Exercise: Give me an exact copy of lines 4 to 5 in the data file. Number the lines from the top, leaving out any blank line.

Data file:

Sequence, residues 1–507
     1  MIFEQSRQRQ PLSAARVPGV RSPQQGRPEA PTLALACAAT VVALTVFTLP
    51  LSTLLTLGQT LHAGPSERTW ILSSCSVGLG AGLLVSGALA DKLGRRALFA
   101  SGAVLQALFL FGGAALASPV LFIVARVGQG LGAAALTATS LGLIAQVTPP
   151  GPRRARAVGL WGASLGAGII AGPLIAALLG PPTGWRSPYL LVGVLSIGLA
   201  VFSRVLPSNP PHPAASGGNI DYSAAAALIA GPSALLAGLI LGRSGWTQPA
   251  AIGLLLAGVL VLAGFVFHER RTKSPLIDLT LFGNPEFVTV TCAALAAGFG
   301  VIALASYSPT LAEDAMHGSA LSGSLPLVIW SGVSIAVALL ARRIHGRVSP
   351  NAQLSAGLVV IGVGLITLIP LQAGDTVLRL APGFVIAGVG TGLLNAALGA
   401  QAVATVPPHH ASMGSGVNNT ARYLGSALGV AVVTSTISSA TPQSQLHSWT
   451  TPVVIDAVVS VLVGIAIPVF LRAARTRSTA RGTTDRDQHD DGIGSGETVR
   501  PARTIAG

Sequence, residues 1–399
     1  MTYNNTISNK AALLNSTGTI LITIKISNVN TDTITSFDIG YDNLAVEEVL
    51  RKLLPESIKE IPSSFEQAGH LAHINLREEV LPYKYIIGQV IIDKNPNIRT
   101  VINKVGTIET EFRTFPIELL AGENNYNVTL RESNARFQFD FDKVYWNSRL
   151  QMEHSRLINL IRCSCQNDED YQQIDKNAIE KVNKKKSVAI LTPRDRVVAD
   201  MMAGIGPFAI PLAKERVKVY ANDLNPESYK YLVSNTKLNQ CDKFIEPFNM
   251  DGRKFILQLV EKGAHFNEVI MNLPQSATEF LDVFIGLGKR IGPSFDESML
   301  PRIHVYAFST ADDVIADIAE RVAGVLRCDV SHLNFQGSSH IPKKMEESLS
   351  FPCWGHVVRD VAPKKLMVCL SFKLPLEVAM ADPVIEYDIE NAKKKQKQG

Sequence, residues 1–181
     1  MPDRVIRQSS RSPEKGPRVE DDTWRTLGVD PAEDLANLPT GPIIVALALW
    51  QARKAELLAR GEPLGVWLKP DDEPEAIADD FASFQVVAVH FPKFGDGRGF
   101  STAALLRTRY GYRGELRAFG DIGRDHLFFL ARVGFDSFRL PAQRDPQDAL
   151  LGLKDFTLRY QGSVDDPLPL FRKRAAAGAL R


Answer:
   101  SGAVLQALFL FGGAALASPV LFIVARVGQG LGAAALTATS LGLIAQVTPP
   151  GPRRARAVGL WGASLGAGII AGPLIAALLG PPTGWRSPYL LVGVLSIGLA